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Alcatraz in Black and White 

Wednesday, May 4 2011
The United States is harder on crime than almost any other Western nation, yet it has an unending fascination with serial killers, mob bosses, and high-profile white-collar criminals. The story of Al Capone, for example, has reached an almost mythological level, one that rivals the Kennedy family in the public consciousness. The names “Zodiac” and “Son of Sam” are still recognizable even though the killers were active more than 30 years ago. The federal prison at Alcatraz has been the focus of this near-obsession as well. About a decade ago, filmmaker Kevin Epps (Straight Outta Hunters Point) looked into the history of the African-American population there and found that not much had been revealed. So he set out to do it himself. The result is The Black Rock, a documentary that covers conditions for black inmates and guards at Alcatraz from the 1930s to the 1960s. It also tells the stories of several noteworthy prisoners. One was Ellsworth “Bumpy” Johnson, a gangster from Harlem whose infamy earned him the nickname “the black Al Capone.” Epps also interviews African-American inmates and guards . The fact that both populations were segregated is not a shock. Yet one incident that did surprise Epps involved William “Ty” Martin, a young black inmate who planned an escape with several white prisoners. “The irony of this is in the 1950s and ’40s there was so much racial segregation,” Epps said in an interview before a screening at CSU Fresno. “But in the prisons — in the dungeons — all they had was each other, and their humanity, so they conspired to escape.” Other stories from inside are considerably more harsh. One inmate interviewed says that about 80 percent of the prison population was made up of sociopaths, people who essentially had no feelings: “You can’t think of something that somebody could do that didn’t happen.” A discussion with Epps follows the screening.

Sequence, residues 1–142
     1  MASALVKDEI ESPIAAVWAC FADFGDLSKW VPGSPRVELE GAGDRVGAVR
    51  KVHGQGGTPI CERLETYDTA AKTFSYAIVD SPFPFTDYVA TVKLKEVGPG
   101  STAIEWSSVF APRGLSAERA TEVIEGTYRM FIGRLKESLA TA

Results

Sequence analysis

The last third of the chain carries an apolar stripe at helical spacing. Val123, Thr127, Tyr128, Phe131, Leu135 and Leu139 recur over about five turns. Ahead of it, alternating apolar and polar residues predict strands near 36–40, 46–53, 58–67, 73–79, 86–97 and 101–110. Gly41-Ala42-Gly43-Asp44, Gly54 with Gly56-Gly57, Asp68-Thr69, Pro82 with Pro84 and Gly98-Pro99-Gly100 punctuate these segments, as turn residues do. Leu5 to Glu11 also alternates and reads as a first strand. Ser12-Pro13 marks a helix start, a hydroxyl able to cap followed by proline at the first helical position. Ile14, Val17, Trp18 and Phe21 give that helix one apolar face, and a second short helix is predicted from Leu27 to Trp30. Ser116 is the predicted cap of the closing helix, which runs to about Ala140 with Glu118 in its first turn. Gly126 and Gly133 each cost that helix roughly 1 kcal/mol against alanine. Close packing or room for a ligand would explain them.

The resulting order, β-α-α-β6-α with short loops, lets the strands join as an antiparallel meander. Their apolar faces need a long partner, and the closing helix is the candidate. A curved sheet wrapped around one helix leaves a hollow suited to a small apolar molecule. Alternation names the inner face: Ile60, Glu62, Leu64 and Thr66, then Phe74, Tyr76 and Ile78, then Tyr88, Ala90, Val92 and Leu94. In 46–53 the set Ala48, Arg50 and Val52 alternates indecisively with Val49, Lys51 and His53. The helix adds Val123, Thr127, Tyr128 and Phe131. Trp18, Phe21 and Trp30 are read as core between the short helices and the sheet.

Sun., May 8, 7 p.m., 2011

About The Author

Keith Bowers


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